After his discharge from the Army in January 1946, as a staff sergeant, Anderson finished his B.S. Degree in Mechanical Engineering at Carnegie-Mellon University. In a few years he would form his own company which manufactured a variety of industrial flow metering instruments. Some of Anderson’s instruments have been used in the space program to measure propulsion units.

He married his wife Susan in Brooklyn, N.Y. in 1946 and together they reared three children: Gary, Linda, and Carol. Anderson sold his company and retired in Peachtree City in 1997. Susan passed away three years later. Friends say he loved his wife very deeply and that she profoundly influenced his spirituality.

When Anderson looks back to that Christmas 63 years ago in Belgium, he explains that the Third Army had been sent to relieve the 101st Airborne Division which was surrounded by Germans in Bastogne. Anderson’s company had lined up along a farm road and had started across a field toward a wooded area when they came under mortar attack. Despite suffering several casualties, the group pressed on into the woods.

“I hadn’t gone more than ten yards into the woods when I spotted a small group of men in their white camouflage suits off to my left.” Anderson said. “ I blazed away with my BAR, then paused momentarily to call and point them out to my colleagues off to my right. This was obviously the group of Germans who were spotting and directing the mortar fire when we first started out.”

Anderson’s platoon continued into the woods while another platoon dealt with the few enemy still standing after the short skirmish. They broke into a small clearing where they were able to stop for awhile—a pause that Anderson desperately needed because he was suffering from dysentery, a common malady in the austere conditions of combat. Soon the company commander ordered the men to cross a second field about 750 yards in width. After entering the field, the unit encountered heavy machine gun fire and the soldiers dove onto the ground.

“ If anyone had told you that there were enemy on the other side of an open field shooting at you with rifles and machine guns, and you were supposed to walk boldly across this field in the face of this fire, “ Anderson said, “you would say they were off their rocker, but this was what we were to do. There was no artillery support to try to pin the Germans down. Neither were there any tanks.” The company had been unable to link up with an armored unit during the operation as previously planned.

“The orders were called to move out. Everyone got up and started to move forward again, “ Anderson said. “ The line to my right was falling back. This is serious because when you are attacking and the enemy is hidden in the woods, you simply fire from the hip. You are not aiming at anything in particular, just hoping that firing in their direction will possibly keep their heads down. If anyone is in front of you while you are firing from the hip, there is always the risk of hitting your own men. I remember turning to my right and calling and waving for the men to move forward.”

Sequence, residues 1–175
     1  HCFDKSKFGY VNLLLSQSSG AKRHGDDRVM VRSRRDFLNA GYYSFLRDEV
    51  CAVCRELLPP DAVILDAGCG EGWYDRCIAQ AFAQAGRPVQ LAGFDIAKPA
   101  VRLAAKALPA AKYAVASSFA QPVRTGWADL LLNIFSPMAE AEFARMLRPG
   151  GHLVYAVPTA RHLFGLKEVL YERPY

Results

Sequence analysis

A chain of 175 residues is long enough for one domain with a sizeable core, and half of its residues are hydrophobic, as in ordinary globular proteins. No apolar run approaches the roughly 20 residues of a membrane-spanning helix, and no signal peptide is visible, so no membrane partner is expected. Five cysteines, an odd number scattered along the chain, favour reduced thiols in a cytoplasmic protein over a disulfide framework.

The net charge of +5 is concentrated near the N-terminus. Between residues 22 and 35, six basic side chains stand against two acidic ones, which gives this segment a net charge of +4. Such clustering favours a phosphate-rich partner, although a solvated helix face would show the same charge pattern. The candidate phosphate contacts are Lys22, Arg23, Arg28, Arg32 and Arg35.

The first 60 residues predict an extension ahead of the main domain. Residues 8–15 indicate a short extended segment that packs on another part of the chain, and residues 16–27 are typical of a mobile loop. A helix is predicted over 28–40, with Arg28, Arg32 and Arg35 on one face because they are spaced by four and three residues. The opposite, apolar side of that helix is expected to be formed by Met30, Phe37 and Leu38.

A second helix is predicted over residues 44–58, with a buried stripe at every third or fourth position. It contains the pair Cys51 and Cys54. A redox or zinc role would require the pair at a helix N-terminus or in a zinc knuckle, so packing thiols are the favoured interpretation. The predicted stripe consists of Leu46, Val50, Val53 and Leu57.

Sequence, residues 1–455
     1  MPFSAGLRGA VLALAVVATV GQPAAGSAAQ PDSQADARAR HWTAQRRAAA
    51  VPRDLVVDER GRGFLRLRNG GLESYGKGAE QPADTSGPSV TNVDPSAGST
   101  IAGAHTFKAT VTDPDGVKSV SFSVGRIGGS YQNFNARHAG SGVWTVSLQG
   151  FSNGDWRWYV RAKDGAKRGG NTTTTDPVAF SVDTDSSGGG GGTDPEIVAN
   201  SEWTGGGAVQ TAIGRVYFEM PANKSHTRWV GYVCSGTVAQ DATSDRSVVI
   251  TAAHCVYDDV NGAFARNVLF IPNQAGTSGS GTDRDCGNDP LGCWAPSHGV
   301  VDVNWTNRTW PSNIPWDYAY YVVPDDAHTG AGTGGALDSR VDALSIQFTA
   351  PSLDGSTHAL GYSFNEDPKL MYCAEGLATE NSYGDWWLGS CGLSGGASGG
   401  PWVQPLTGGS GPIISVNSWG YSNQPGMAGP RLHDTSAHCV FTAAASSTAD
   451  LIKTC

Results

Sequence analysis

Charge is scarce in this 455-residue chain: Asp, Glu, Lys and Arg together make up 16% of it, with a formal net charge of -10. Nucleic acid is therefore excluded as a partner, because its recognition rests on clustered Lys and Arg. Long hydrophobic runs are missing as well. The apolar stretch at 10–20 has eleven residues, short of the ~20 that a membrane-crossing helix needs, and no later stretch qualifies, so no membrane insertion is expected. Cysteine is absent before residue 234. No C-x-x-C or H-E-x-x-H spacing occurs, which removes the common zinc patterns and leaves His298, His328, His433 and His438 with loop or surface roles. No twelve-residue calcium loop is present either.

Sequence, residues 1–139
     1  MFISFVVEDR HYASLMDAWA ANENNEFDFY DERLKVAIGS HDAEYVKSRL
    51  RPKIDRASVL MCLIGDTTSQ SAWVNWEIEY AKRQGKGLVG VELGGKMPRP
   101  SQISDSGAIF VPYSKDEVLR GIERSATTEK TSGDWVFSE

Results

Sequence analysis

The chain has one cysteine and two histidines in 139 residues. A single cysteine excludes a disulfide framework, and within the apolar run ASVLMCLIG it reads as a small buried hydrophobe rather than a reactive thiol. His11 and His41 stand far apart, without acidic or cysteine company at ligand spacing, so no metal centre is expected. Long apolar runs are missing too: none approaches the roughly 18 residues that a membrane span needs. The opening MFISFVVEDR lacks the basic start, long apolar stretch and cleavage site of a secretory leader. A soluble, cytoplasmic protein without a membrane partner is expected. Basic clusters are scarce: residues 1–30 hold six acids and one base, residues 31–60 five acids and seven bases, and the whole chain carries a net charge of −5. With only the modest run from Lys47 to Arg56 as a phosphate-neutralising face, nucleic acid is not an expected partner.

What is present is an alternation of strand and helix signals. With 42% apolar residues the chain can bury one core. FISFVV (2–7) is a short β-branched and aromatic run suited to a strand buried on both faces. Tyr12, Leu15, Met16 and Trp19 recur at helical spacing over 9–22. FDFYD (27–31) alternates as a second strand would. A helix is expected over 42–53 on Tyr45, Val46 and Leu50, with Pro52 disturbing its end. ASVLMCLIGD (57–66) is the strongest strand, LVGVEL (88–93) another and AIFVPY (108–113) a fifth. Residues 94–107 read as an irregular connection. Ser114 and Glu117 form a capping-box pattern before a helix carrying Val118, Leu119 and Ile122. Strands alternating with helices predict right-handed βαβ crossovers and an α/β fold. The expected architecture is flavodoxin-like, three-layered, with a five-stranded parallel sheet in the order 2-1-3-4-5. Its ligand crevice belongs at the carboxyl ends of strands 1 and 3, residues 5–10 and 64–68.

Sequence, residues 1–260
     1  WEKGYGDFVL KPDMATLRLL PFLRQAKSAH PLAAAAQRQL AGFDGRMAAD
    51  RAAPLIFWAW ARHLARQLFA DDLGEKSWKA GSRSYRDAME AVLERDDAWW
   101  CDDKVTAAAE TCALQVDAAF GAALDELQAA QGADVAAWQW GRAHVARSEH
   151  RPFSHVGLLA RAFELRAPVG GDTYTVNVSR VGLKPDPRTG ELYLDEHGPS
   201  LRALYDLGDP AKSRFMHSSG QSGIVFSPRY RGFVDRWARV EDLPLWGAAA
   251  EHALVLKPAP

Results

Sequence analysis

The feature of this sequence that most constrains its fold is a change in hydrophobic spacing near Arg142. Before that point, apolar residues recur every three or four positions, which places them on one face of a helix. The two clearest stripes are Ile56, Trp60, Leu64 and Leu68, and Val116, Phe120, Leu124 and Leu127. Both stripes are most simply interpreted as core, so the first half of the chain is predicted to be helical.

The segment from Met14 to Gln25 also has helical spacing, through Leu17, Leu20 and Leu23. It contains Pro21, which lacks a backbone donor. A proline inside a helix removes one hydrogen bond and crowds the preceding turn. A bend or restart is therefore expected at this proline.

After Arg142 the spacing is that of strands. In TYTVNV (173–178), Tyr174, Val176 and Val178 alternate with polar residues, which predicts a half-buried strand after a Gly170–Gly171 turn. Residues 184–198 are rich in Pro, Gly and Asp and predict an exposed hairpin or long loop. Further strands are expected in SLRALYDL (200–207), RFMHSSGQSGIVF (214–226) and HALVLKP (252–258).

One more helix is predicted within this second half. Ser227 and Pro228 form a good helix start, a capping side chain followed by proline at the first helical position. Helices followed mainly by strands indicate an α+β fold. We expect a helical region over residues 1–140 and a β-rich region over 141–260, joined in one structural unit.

“All of a sudden, BOOM! Someone hit me with a ball bat. That’s about what it was like. Although a rifle or machine gun bullet is relatively small, it travels at a very high velocity,” Anderson said “As a result, it packs a tremendous wallop. It slammed me face down onto the ground into the snow.”

Anderson had been shot through the neck. Miraculously, the bullet had not hit his spine, his windpipe, his esophagus, or any of his vital arteries, although he was bleeding heavily. The bullet had hit him under his ear and passed out the back of his neck, barely missing the spine.

“I guess that I lost consciousness for only a few moments.” Anderson said, “ I sort of cocked my head a little as best I could and said a little prayer. I can still pretty much remember how it went even after 63 years. I said ‘Well, God I guess I’ll be with you in a little bit. That’s okay. I’m ready. But be with Mom and Pop, Sue, Bob and Mil. Don’t let them grieve too much.”

But someone upstairs was listening; it was not Anderson’s day to die. Fortunately, medics soon appeared. They rendered basic emergency aid, helped him to his feet, and pointed him in the general direction of the Battalion Aid Station. Then Anderson was left alone to fend for himself while the medics went to help other wounded soldiers. He managed to stagger toward the rear in search of more help.

Eventually a tank crew spotted Anderson and gave him and some other wounded soldiers a ride to the aid station. It had been one hell of a Christmas Day. Every soldier in his squad had been wounded or killed. A week later, after short stays at various field medical facilities, he was admitted to a well-equipped hospital near Paris, where he would recover from the wound and his chronic dysentery.

Anderson had earned the Purple Heart, but the war was not over for him. He spent four weeks in the hospital and then he was referred to a physical re-conditioning unit which was to strengthen him so he could rejoin the fight. He was an experienced infantry soldier who was still needed at the front. He was a BAR man.